Monday, September 27, 2010

Photography of Time Travel

(the white lines in the sky are a result of the sun moving across the sky and variations in the sun path through the year. photograph sourced from here)
Recently I came across German photographer/artist Michael Wesley's monochromatic photographs that are a part of his open shutter project, which record the image over long periods of exposure sometimes lasting 3 years.
In the past I have also written of Michael Kenna's long exposure photographs in low light conditions giving absolutely stunning high contrast images that beautify the very constraint, the static nature of a photograph. Here the image isnt a split second capture but something that has been and will continue to be. The environments recorded are almost meditative minimal landscapes of silence.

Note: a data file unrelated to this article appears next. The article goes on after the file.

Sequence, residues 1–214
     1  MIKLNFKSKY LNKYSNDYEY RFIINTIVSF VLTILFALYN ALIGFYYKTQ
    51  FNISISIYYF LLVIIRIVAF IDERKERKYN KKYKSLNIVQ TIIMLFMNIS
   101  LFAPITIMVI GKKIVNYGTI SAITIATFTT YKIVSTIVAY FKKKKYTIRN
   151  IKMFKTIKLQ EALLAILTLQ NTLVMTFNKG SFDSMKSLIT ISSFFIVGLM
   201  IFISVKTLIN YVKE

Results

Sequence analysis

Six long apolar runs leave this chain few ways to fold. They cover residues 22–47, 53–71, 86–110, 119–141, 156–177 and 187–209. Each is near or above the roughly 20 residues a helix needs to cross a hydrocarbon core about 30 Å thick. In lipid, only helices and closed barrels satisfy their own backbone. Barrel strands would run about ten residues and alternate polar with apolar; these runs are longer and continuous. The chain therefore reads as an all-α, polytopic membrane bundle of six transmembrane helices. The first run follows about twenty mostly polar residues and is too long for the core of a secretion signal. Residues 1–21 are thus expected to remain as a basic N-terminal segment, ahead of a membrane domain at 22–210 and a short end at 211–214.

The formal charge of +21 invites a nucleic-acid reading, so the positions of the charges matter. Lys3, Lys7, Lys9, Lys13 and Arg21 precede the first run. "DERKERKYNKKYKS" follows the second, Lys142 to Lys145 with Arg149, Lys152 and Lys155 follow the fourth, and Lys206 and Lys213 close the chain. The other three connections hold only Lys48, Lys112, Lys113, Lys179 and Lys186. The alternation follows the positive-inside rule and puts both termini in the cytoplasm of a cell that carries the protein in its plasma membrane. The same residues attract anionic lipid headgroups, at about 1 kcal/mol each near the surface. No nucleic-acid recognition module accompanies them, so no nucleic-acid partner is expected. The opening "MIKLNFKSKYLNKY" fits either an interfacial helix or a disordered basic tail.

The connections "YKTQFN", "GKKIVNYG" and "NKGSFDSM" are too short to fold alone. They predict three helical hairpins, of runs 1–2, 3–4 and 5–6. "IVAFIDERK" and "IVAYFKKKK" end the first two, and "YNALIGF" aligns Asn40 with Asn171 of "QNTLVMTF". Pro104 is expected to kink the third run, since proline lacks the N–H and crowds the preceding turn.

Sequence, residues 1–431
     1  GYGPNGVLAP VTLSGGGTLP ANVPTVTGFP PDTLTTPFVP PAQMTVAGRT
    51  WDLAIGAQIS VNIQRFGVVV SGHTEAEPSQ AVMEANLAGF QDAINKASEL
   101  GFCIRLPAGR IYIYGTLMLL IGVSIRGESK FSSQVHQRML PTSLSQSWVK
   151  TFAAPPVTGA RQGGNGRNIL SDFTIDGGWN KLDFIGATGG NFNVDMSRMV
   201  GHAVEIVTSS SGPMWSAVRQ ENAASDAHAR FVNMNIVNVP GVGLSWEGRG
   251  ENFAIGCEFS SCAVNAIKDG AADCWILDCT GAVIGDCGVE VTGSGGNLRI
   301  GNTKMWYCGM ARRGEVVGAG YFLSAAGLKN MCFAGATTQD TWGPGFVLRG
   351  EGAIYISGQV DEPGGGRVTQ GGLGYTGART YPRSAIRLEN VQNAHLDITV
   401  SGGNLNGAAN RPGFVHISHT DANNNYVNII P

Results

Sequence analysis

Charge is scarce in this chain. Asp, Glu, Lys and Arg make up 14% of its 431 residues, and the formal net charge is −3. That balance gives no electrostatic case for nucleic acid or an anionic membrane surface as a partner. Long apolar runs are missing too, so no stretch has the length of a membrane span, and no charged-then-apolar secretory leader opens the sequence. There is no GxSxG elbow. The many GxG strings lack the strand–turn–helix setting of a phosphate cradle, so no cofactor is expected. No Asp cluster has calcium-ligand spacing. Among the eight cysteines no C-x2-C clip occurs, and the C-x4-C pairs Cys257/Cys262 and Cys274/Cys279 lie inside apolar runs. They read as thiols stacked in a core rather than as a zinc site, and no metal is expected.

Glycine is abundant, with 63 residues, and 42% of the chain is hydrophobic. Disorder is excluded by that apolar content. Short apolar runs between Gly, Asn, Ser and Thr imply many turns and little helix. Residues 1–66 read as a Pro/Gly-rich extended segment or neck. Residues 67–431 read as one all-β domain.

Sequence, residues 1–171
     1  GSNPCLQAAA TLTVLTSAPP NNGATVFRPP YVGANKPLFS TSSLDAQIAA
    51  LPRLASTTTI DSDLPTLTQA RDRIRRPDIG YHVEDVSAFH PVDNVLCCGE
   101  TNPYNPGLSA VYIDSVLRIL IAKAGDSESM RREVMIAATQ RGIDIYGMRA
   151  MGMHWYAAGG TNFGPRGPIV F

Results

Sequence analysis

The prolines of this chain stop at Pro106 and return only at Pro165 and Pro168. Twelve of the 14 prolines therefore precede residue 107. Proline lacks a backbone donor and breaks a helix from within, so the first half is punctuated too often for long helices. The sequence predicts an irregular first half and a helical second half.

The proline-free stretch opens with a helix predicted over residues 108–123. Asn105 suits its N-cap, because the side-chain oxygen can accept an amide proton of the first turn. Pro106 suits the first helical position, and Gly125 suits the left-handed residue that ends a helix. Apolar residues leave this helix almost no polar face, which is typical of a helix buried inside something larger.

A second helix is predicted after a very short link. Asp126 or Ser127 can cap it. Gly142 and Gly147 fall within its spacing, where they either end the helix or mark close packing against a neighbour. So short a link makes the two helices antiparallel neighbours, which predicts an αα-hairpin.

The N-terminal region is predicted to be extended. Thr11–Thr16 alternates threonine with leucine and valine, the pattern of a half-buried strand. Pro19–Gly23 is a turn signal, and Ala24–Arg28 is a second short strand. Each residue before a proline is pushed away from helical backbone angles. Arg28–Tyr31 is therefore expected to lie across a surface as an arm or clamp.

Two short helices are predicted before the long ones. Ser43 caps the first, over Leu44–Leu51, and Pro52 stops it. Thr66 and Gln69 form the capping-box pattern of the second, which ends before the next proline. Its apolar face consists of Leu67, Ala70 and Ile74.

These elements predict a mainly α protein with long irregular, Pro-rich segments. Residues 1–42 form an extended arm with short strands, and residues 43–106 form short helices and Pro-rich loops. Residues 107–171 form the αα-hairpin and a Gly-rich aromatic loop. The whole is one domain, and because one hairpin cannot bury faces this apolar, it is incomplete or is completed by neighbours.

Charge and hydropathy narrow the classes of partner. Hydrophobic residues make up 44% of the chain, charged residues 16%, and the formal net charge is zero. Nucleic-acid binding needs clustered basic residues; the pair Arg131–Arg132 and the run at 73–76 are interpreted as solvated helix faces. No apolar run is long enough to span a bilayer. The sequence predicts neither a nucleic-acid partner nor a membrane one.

(image sourced from here)
But when a similar methodology gets used in urban environments that attempts to record months of moving images in one frame the result is as magical. Within the greater Order of Things in the branch of still photography I believe it is like discovering dialectically opposite twins.

(image sourced from here)
Michael Wesley's monochrome photographs that continue capturing the image over a period of 2 to 3 years constantly as the glass eye of the camera gazes continuously at one focus and the world around it changes, it instantly transforms into a time machine with its precise control over the speed of light, absorbtion of the memory of the past, experience of the present and dreams of the future on the film. The images thus recorded are as magical as the moving pictures, they record the very ghosts of time, the paths of the sun as it speeds across the horizon, the glare of a glass window on a particuilar day in winter.

(image sourced from here)
I wonder what would it be to have a camera positioned whose exposure time will work through generations, what would one like to focus their eyes on for the next 80 years if they know it will only be their next generation that shall see what it looked like.

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